Bridging the humanitarian-development divide on famine response-World Bank

People wait to fill containers with water at a borehole provided by UNICEF in the Muna Dalti Internally Displaced People’s camp, Maiduguri, Borno State, Nigeria, Thursday 2 March 2017.
Credit: UNICEF

Last week, I represented the World Bank Group at the United Nations Security Council on the famine response in Nigeria, Somalia, South Sudan and Yemen. In these four countries, more than 20 million people face famine or the risk of famine over the coming six months, and urgent action is needed to prevent the situation from deteriorating further.    
 
The Security Council may appear to be an unusual place to find a development institution such as the World Bank, especially regarding a humanitarian crisis like famine.

In fact, famine can also hinder development progress by doing long-term damage to the health, learning ability, and earning capacity of all people involved, especially children.
 
In addition, conflict is a proximate cause of famine in these countries, and preventing violent conflict and addressing the drivers of fragility is at the heart of the UN and World Bank’s shared agenda.
 
The Security Council meeting provided an important opportunity to deepen our engagement and seek the support of members so we can do more to help. This session builds on the high-level meeting on famine response at the IMF-World Bank Group Spring Meetings in April, co-chaired by President Kim and UN Secretary General António Guterres, where we agreed on action points to stop today’s famine crisis and the roadmap for a zero tolerance approach to famine going forward.
 
In her opening remarks, UN Deputy Secretary-General Amina Mohammed stressed that the number of people at risk of famine remains alarmingly high. In some countries, it is even on the rise, with women and children the primary victims of the crisis. Although humanitarian and development assistance is making a real difference on the ground, 60 percent of humanitarian needs are still not funded.
 
I described the $1.8 billion we are providing for development projects to complement the efforts of affected governments and humanitarian partners, including by enhancing social safety net systems, supporting service delivery to the most vulnerable, and strengthening community resilience.
 
I also highlighted that we are partnering in new ways on the ground to deliver support to those most in need, including by implementing through UN agencies and INGOs.
 

UNICEF representative in Yemen Meritxell Relano checks on a boy suffering from malnutrition at Al-Sabeen Hospital, Sana’a, Yemen, Thursday 19 January 2017.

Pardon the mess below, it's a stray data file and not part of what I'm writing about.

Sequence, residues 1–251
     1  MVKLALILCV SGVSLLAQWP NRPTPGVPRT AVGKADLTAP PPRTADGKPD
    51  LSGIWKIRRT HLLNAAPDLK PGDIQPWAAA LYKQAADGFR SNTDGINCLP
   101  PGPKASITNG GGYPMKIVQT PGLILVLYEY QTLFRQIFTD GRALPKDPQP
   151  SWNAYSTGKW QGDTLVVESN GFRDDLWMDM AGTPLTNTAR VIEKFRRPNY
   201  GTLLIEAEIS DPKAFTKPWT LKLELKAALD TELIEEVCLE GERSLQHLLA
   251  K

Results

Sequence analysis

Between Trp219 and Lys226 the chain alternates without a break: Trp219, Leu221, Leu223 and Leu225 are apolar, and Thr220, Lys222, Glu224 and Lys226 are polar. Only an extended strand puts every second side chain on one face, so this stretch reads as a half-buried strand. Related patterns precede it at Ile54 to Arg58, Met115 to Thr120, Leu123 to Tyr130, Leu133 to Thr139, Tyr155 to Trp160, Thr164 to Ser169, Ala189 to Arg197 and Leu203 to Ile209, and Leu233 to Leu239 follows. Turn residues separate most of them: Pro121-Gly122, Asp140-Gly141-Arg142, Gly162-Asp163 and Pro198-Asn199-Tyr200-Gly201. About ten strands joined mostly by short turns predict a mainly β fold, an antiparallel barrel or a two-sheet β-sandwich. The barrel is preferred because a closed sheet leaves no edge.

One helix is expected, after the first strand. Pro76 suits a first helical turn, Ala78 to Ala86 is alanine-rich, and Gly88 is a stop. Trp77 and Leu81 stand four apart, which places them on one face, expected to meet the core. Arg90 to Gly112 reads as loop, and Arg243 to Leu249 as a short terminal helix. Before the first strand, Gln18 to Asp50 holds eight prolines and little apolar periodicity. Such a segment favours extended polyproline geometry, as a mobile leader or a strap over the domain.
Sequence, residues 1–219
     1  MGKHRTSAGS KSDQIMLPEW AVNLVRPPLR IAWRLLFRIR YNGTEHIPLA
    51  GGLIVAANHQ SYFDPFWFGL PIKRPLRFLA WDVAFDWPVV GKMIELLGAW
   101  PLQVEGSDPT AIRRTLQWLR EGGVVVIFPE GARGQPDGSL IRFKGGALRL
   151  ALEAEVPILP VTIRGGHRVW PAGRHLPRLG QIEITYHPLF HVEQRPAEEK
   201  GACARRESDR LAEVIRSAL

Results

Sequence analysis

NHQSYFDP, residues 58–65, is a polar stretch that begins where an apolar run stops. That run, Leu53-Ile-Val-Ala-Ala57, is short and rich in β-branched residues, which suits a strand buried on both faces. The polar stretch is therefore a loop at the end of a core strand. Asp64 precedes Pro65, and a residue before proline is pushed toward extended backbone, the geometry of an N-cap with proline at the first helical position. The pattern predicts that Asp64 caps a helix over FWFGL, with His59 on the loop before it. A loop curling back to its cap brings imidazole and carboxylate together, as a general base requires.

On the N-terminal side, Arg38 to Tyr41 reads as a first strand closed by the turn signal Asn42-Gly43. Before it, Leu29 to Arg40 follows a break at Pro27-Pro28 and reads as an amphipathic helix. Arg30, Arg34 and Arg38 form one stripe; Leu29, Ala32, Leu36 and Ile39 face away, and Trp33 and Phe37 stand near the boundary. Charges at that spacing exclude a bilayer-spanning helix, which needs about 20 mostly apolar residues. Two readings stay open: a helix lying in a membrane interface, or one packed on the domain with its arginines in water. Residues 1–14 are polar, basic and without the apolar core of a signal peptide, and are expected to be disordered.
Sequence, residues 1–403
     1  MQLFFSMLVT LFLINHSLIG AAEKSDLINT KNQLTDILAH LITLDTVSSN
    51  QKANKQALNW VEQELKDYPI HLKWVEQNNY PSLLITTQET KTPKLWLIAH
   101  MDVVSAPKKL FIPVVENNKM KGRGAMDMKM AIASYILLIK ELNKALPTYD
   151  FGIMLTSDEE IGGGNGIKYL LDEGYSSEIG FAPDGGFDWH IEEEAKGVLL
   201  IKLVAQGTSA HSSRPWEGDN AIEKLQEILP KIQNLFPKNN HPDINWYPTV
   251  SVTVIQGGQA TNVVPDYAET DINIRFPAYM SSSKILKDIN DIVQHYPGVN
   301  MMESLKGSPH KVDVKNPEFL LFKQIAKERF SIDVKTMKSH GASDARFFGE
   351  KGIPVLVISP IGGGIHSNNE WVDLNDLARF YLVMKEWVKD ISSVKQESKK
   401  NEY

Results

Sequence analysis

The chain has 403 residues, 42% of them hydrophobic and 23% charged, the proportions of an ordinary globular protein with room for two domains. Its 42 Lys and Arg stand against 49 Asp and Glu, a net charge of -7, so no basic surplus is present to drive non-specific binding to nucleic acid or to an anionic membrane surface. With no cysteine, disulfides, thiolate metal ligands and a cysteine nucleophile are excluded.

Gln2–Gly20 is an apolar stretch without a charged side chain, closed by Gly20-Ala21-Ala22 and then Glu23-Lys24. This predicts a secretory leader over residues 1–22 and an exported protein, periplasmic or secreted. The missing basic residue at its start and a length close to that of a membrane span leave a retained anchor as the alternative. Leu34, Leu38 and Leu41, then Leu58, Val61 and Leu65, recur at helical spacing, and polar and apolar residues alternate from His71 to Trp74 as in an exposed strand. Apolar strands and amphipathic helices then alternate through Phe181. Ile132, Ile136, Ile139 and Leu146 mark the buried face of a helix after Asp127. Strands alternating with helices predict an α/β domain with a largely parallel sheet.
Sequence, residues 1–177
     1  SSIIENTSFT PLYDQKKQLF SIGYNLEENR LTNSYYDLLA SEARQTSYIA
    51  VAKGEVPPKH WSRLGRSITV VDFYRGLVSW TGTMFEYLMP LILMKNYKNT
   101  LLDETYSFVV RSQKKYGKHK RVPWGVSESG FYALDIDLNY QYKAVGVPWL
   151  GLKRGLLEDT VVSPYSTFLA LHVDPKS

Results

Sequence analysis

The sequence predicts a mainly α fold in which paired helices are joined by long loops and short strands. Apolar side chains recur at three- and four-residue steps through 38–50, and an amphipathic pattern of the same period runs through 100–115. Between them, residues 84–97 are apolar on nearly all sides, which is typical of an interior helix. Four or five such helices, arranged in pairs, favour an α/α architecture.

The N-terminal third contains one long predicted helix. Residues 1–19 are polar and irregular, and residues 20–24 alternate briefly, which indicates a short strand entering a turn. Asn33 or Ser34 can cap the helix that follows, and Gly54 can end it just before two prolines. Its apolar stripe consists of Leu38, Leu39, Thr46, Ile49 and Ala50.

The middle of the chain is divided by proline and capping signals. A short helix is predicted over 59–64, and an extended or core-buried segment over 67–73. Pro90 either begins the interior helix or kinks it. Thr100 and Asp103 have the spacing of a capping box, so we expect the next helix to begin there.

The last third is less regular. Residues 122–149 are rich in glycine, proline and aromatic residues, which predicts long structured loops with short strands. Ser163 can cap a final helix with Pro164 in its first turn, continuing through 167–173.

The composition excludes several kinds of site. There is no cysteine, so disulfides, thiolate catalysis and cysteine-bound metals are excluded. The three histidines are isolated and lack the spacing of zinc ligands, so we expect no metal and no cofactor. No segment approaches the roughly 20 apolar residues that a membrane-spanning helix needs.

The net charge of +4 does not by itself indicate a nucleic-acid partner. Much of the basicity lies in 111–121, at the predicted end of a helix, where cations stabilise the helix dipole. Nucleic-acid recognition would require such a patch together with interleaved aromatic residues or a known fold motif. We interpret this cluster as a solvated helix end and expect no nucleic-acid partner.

Credit: UNICEF


Specifically, in South Sudan, the Bank is partnering with UNICEF, WFP, and FAO to implement a $50-million-dollar emergency food, nutrition, and livestock project to meet immediate food and nutrition needs, and to lay the foundations for the recovery of crops and livestock for 580,000 people.
 
In Somalia, which is not eligible for normal Bank financing due to outstanding arrears, the Bank is leveraging a first-of-its-kind partnership arrangement with ICRC to implement a $50-million-dollar emergency drought response and recovery project to rapidly deliver food, water, cash, and basic goods to half a million people and provide vaccinations or treatment to the livestock of 200,000 people.
 
In Yemen, the Bank is implementing an emergency health and nutrition project of $283 million dollars through WHO and UNICEF, and a $500-million-dollar short-term employment and basic services project through UNDP. This is the first time we are delivering IDA support within the context of active conflict.
 
Finally, in Nigeria, six projects totaling $650 million have been rapidly approved to provide vital support in the six states ravaged by Boko Haram and famine. The $50-million-dollar additional financing for the Third National Fadama Development Project has already disbursed $44 million dollars for income support to boost food security and livelihoods of rural and conflict-affected households in the northeast. Given the volatile security situation in the northeast, Bank teams are leveraging the UN system – including security support – to be able to deliver.
 
Members of the Security Council – including the U.S., U.K., France, Italy, and Japan – were extremely supportive of this ‘new way of working’ and our efforts to bridge the humanitarian-development divide to make a difference on the ground.
 
Given the central role conflict has played in driving and exacerbating the famine crisis, Council members also emphasized the need for political solutions to end the fighting in affected countries, or at least for combatants to ensure safe humanitarian access. While the Bank lacks a political mandate, I also stressed the need for a quick abatement of conflict in order to reduce famine risks.
 
Partners are nearly universal in their view that modern-day famines are man-made and preventable. It falls to us – UN, World Bank, NGOs, governments, and civil society – to turn our “zero famine” aspiration into a shared reality. Leveraging innovative collaboration on the ground has a key role to play in this process, and to ensuring that no one has to suffer from the scourge of famine ever again.

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